Its not surprising to anyone that AIG is no longer the shirt sponsor for Manchester United after the debacle year it's having. It might be ironic that the former powerhouse has been replaced with Chicago based insurer Aon. Insurance companies, especially in the US, have been criticized for sponsoring sports teams and events when the economy is down the tank, so we'll have to see if Aon gets any trouble from the deal. I don't care about the company sponsoring United. I'd rather see Aon than seeing new kits with Sahara ( a finance corp. from India ) or Saudi Telecom
( self explanatory ) on them, if for no other reason than than AON is close to AIG and I'm really fond of our current jerseys.
Of course neither Aon, United, nor the Premier League would report how much the deal was actually worth but there's a lot of rumor about how much money is actually going to be spent for the shirt support. It's being publicized as the most lucrative deal in professional football today. Papers across the pond are saying that it is £80 million for the four years ( $131.2 million ) which would make it £20 million in support per year ( $32.5 million ). Apparently this is about 40% up from the yearly rate AIG was paying the club...if I can use basic math skills that should be about £14.286 million per season.
Until a few days ago I'd never heard of Aon. According to it's Web site, Aon is the leading provider of risk management service, in- and re-surance brokerage, and human capital and management consulting. I'm not sure about all that but they must have some brains to get behind one of the global leaders in the biggest global sport and have their name emblazoned on the front of their jerseys.
Another reason this might be a genius idea for Aon comes from contests and deals United does with corporations or sponsors besides having their name on the jersey. Over this summer United is touring Asia ( and knock on wood that their players won't get any mysterious viruses like they did last summer in Africa ) and on their Web site it gives fans ( Britain residents only ) the chance to win tickets to the tour in Malaysia or Indonesia if they set up a "United Adult Savings Account" or "Manchester United Mortgage." I think...why not do something like that for American fans? They might not always love us but the club is owned by Glazer ( an American ) and sponsored by Nike and now Aon.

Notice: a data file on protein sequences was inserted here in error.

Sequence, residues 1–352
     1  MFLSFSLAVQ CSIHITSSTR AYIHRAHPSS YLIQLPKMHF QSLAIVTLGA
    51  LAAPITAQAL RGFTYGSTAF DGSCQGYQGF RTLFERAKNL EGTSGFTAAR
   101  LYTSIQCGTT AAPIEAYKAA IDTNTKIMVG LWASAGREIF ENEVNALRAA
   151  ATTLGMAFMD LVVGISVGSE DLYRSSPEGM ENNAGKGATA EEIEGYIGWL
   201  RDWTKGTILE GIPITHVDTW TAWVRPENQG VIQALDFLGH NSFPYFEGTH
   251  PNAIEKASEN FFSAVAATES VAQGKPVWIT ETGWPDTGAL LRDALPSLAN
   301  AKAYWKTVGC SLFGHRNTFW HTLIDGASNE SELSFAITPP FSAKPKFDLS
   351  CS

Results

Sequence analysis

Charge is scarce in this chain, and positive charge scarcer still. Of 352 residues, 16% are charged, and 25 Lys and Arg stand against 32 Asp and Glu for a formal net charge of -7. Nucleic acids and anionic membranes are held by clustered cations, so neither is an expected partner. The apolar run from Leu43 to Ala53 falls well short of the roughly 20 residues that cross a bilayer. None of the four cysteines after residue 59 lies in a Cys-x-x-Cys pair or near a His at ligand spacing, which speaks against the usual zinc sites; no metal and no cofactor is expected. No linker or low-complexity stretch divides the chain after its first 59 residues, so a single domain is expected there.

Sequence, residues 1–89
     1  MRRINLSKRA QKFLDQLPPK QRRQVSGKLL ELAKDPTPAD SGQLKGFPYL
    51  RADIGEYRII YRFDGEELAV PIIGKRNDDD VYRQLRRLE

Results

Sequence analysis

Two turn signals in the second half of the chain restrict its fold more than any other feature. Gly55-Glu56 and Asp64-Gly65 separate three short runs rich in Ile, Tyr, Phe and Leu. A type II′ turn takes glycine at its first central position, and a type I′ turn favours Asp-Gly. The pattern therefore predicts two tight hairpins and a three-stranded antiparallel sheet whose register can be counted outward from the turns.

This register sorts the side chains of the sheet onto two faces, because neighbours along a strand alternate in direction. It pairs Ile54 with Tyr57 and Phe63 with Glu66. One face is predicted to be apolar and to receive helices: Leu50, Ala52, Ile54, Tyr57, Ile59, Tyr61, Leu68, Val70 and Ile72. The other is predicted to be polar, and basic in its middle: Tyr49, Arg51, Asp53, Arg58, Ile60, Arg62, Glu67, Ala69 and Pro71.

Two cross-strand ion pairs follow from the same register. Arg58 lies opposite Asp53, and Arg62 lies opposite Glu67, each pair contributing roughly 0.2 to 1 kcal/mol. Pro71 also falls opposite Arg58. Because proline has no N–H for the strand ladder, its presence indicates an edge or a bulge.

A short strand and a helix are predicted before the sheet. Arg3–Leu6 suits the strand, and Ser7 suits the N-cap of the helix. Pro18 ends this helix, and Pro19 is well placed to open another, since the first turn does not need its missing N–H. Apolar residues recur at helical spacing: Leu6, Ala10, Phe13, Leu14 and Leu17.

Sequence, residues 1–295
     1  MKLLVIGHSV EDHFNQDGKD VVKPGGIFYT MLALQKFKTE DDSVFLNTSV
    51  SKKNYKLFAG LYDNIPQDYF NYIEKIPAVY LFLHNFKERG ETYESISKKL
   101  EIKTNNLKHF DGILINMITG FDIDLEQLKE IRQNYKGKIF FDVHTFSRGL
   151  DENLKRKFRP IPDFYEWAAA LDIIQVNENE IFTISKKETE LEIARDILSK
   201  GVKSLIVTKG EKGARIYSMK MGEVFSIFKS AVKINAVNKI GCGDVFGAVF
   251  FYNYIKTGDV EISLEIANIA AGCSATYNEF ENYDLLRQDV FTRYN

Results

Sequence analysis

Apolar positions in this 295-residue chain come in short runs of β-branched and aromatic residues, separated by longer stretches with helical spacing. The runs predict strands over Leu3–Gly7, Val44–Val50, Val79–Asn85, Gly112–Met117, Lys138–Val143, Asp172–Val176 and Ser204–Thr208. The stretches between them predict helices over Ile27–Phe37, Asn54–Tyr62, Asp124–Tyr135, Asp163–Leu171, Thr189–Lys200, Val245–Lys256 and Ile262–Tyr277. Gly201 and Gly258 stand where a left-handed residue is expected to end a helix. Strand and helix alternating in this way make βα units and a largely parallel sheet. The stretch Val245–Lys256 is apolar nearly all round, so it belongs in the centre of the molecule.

Aon is also rumored to want to bring United to Chicago for an exhibition match. I know I'd gladly road-trip to Illinois, pay $100 plus for a ticket, and wait for hours to meet a player.
I think Aon is brilliant for snatching up this branding opportunity. There are over 300 million United fans across the world. A lot of them are springing up in the States and every person who buys a new jersey to support their club becomes a walking insurance billboard. If they're willing to pay it and have the means to pay it....good for them.
Perhaps more importantly, good for the club. Articles from this week are saying that the debt of the Premier League is topping out at about £3 billion. £3 BILLION. United itself has a debt of £649 million from the Glazer takeover. Just imagine the interest gathering on that. Only Chelsea FC is further in debt. ( Of course the Big Four have the most- Chelsea and United, followed by Arsenal and Liverpool. ) They're building new stadiums ( like the Emirates Stadium ), paying millions of £ in transfer fees for players, and spending £ millions in keeping their current players from jumping ship.
Even though the club announced the four year deal yesterday
( the contract was signed before United lost to Barca... or so I've read ) the United jerseys won't actually have the Aon name on them until the 2010-2011 season. Which means we'll keep our AIG front for this upcoming year. Despite all of the bad press you have to remember that United didn't shrug off AIG's backing; it was AIG who decided not to renew their contract, which expires at the end of next season. So that explains why you'll see United kits with AIG on them despite the press behind this new deal.
Fun Fact: Apparently Barcelona actually pays the charity Unicef $2 million a year as part of a five-year deal for the right to wear the Unicef logo on its jerseys. ( NY Times )
Also, pardon the post name pun.